The research group "Waste, Energy, Environment and Nanotechnology (REMAN)" of the University of Alicante has developed a procedure for the elimination of odours in recycled plastics by steam stripping.
This procedure comprises the following stages: (i) separation and conditioning of plastic; (ii) shredding of plastic; (iii) chemical washing with surfactant; (iv) rinsing of plastic material; (v) mechanical drying; and, (vi) deodorization of plastic. This last stage is done in a steam distillation column and is where the volatile organic compounds (VOCs) are extracted from the clean, dry material by steam distillation, and where the VOC-free plastic exits at the bottom of that column.
In this way, it is possible to improve the quality of recycled plastics and increase the reuse of plastics from both domestic and industrial waste as raw material for products for later use.
Companies interested in the commercial exploitation of this technology through licence agreements and/or technical cooperation are sought.
It is known that the demand for plastic containers is increasing and with it the volume of plastic in landfills. In addition, the reuse of household plastic waste is limited by its high content in food waste and cleaning products that are absorbed into the polymeric matrix, contaminating the material and being responsible for the unwanted smell of the polymer. These odorous substances are volatile organic compounds (VOCs) that cannot be removed by conventional washing.
Currently, conventional mechanical recycling consists of a selective classification of plastic waste based on the nature of the polymer, a water wash, to which reagents such as caustic soda, surfactants and oxidants can be added, and finally, mechanical drying is applied prior to the extrusion stage where the recycled pellets are obtained. There are several additives that can be added during the extrusion stage in order to encapsulate or extract the VOCs contained in the polymeric matrix, but these are not efficient enough in the removal of odours.
There is, therefore, a need to efficiently and environmentally friendly decontaminate these domestic plastic waste for subsequent use as a raw material in order to reduce their presence in landfills, to reduce operating costs in the recycling industry, as well as to increase the added value of the product.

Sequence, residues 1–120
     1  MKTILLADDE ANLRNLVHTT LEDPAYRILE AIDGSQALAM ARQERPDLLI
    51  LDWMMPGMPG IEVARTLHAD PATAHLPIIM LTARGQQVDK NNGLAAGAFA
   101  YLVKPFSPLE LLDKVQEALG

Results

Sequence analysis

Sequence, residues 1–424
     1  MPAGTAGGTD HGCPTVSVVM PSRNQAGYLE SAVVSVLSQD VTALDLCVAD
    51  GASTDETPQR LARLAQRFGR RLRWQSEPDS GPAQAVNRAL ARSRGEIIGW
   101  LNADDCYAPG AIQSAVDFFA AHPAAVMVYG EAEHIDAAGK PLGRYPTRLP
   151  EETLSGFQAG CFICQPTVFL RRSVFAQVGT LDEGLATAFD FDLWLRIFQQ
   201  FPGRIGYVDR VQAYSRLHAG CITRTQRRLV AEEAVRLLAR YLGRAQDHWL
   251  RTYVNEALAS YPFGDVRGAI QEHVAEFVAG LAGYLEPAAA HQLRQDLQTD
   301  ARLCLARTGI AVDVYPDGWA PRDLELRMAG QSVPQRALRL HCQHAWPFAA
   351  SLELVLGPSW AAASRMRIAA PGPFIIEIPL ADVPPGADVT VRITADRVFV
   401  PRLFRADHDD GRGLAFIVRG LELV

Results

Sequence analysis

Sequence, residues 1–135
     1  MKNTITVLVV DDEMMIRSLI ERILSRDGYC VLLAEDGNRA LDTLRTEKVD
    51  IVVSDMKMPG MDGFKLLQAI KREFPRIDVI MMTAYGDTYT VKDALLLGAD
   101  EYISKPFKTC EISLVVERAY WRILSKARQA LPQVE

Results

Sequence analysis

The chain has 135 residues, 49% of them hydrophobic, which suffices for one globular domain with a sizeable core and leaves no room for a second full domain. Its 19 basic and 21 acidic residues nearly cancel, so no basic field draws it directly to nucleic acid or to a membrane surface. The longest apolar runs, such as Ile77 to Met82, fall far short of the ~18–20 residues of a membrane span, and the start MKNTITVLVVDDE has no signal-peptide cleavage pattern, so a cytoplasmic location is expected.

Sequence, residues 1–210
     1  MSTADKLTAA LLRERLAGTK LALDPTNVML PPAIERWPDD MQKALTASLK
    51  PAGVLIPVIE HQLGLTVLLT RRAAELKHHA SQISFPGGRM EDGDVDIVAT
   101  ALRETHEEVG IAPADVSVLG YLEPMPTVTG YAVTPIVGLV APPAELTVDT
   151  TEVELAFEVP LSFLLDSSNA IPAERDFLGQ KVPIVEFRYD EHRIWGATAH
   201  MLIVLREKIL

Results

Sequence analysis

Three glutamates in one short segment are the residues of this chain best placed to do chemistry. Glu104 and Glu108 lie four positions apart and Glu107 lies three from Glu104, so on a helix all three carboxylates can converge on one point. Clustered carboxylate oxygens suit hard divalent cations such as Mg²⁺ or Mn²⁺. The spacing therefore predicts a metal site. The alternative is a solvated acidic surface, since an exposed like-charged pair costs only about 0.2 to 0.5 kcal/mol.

The organic compounds that cause the bad smell of recycled plastics are found both inside the polymer matrix and on the surface of the plastic. In order to increase the quality of recycled plastics, the research group "Waste, Energy, Environment and Nanotechnology (REMAN)" of the University of Alicante has developed a procedure and a system to eliminate these odours by extracting volatile organic compounds (VOCs) with water vapour.
This solution is based on the fact that extraction with steam favours the internal diffusion of volatile compounds due to the working temperature, as well as decreases the boiling point of volatile organic compounds immiscible with water, increasing their evaporation from the polymer surface to the gas phase and consequent removal.
The procedure for the elimination of odours in recycled plastics comprises the following stages and equipment (Figure 1):
Separation of recycled plastic material (P-VOCs) by identification in an identification separation plant;
Shredding of the plastic in a shredder and reduction of the size of the plastic particles;
Chemical washing of shredded plastic with surfactant in a stirring tank;
Rinsing of the plastic material to remove dirt and chemicals used in chemical washing in a rinsing tank;
Drying of the rinsed material in a mechanical dryer;
Deodorising the dry plastic material in a deodorising module where:
- the plastic material is introduced at the top of a distillation column;
- the steam from a boiler enters through the lower side of the distillation column;
- the plastic material falls by gravity along the distillation column, the plastic material comes into contact with the steam and the organic components are extracted from the plastic material by steam stripping;
- there is an outlet of organic product, comprising water vapour and VOCs, at the top side of the distillation column; and
- the VOC-free plastic exits at the bottom of the distillation column.
Figure 1. Schematic diagram of the different elements of the procedure for carrying out odour removal in recycled plastic materials: 1. Separation; 2. Shredder; 3. Chemical washing; 4. Rinsing; 5. Drying; 6. Distillation column; 61. Upper part of column; 62. Lower part of column; 63. Upper side of column; 64. Lower side of column; 7. Droplet separator; 8. Isothermal tank; 9. Steam boiler; 10. Separator; P-VOCs: Plastic with VOCs; MD: Deodorizing module; V: Steam; PO: Organic product mixture; FL: Liquid fraction; FV: Vapour fraction; FO: Organic phase current; FA: Aqueous phase current; PL: Free plastic; FO-1: Organic compounds; and, FO-2: Water.